Good Practice Guide Reporting Security Incidents
Resilient e-Communications Networks
Questionnaires and forms,
Pre-defined categories for variables,
Web forms with pre-defined answers.
Standardized data input enables, on the one hand, sophisticated statistical analyses (see section 6.2),
and on the other hand, a number of specific follow-up procedures. Several respondents in our
research expressed the opinion that the larger the volume of reports submitted the greater the benefit
of formalization and automation.
Categorization enables prioritization. If the number of reports submitted is likely to be high, it might
exceed the capacity of human reviewers to assess each report individually. For these cases, the report
should contain a categorized variable (most likely, one of the incident impact variables) that would
attract the attention triggering a follow-up. (On prioritization, see section 5.2.)
Standardization enables automated processing. Similarly, if reaction to incidents requires immediate
processing of a considerable volume of reports, especially triggering alerts or distributing information
on an incident, standardized format will probably become necessary. In the cybersecurity area, many
CERTs use machine-readable formats to automatically collect and distribute data on incidents on a
daily or weekly basis. A corresponding software tool may be capable of working with several formats
simultaneously. In any scheme with emergency response aspect, automated alerts may be sent out to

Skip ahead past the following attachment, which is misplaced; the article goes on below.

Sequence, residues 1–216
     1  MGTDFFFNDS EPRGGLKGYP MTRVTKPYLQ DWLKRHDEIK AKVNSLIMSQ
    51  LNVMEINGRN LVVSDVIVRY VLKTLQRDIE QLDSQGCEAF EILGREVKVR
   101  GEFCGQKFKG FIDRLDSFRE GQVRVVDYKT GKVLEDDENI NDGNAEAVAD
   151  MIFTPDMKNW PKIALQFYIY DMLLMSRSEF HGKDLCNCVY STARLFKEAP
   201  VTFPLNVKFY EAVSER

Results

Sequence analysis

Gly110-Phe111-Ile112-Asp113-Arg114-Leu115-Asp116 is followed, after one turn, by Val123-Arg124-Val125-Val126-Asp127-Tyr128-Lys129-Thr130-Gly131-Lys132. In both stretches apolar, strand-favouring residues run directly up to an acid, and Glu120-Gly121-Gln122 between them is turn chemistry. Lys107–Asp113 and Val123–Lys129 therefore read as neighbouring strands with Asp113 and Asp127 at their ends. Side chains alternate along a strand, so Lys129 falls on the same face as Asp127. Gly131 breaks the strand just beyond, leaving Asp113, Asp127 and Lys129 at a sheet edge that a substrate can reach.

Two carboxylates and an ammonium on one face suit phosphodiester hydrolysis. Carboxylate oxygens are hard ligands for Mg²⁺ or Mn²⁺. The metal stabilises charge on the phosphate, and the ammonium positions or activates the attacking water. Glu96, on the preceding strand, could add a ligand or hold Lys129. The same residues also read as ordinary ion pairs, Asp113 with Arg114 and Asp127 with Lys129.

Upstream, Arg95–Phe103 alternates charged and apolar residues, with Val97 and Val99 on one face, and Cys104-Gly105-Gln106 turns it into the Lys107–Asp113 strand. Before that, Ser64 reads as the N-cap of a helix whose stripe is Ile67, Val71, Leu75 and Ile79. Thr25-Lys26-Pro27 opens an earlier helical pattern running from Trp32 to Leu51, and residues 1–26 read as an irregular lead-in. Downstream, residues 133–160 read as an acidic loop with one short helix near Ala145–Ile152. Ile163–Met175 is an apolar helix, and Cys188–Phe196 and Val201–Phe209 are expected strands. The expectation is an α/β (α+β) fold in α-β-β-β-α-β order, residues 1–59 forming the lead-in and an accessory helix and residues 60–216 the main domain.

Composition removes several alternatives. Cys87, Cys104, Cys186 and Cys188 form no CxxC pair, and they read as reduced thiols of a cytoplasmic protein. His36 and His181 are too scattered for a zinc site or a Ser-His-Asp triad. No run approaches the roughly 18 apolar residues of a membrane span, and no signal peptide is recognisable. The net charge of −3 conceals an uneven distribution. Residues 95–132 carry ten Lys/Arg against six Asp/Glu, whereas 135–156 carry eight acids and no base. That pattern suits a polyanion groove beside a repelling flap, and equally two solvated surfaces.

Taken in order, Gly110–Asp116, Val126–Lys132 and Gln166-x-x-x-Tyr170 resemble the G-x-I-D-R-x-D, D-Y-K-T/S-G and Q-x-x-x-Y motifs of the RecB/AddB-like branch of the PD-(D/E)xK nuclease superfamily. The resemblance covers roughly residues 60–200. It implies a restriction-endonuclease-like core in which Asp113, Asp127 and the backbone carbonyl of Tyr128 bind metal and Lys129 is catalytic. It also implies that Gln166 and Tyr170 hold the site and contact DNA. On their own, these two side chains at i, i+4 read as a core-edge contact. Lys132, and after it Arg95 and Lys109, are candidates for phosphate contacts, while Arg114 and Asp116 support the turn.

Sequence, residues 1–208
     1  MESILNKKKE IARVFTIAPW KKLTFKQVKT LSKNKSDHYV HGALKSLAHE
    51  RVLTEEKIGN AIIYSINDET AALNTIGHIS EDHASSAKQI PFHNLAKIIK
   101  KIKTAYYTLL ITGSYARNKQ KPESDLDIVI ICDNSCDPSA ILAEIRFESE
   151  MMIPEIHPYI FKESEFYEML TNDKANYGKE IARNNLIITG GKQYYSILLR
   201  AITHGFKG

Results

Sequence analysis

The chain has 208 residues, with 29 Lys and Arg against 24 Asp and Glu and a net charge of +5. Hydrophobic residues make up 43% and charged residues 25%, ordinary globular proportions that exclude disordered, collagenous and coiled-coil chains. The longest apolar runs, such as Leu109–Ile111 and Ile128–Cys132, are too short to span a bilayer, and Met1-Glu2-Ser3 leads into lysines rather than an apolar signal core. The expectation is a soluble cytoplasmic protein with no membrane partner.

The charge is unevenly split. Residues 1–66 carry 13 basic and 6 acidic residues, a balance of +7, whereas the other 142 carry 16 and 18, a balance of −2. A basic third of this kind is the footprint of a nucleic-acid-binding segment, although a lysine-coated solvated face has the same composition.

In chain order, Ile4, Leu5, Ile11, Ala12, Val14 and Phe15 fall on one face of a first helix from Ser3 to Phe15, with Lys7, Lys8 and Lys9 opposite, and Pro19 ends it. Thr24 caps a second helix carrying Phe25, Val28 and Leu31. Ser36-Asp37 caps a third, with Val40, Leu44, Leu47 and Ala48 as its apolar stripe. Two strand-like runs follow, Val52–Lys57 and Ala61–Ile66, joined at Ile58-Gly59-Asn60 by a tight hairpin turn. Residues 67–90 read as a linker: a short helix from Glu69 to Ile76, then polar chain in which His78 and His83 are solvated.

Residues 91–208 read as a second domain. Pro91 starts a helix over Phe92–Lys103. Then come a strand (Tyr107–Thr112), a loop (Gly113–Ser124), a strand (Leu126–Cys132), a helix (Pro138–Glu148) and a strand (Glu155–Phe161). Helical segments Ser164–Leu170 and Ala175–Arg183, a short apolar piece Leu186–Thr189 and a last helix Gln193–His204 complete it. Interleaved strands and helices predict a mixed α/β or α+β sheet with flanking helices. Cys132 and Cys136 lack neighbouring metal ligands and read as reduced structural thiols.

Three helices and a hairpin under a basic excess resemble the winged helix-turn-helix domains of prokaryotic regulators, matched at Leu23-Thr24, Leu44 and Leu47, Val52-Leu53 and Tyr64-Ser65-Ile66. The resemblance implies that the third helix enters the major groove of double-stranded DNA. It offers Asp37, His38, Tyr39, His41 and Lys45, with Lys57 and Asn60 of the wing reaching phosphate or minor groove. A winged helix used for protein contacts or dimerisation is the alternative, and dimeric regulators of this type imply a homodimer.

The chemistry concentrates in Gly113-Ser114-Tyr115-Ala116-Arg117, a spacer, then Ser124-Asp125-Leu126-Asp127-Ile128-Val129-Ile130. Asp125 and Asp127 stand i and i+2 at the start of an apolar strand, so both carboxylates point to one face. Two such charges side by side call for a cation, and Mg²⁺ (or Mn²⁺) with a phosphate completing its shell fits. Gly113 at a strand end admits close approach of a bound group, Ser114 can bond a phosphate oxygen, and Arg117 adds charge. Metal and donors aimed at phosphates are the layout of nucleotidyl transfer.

stakeholders in reaction to reports containing critical levels of a certain variable.
is running an automated reporting tool which works as "a collection of
simple, but efficient, scripts.
The underlying engine
is responsible for fetching,
categorizing, sorting, and formatting the reported incidents according to predefined templates.
The engine also takes care of compiling the daily reports and emailing them out at predefined
times to addresses found in our contact list. Each data source is attached to the framework
through a tailor-made plug-in.
Autoreporter is able to handle sources where data is either
pushed (e.g., receiving data by email) or pulled (e.g., fetching the data from an external web
MIMER enables automated alerts in response to the messages
submitted. Messages are handled in a uniform manner and the format used is XML.
Standardization saves resources. Many operators are using automated network management tools on
their networks. Standardization makes it possible to install interfaces that tune the inner reporting
procedures of service providers with those of the public reporting scheme, thus allowing the operators
to save resources.
On the other hand, we should say that standardization not only brings advantages. A number of
respondents mentioned that standardization and formalization discourage the scheme's constituency
from reporting. That is not only so because the reporting parties may feel overburdened by the
reporting requirements, but also because standardization invites formalist attitudes:
Thomas Grenmann of CERT.FI at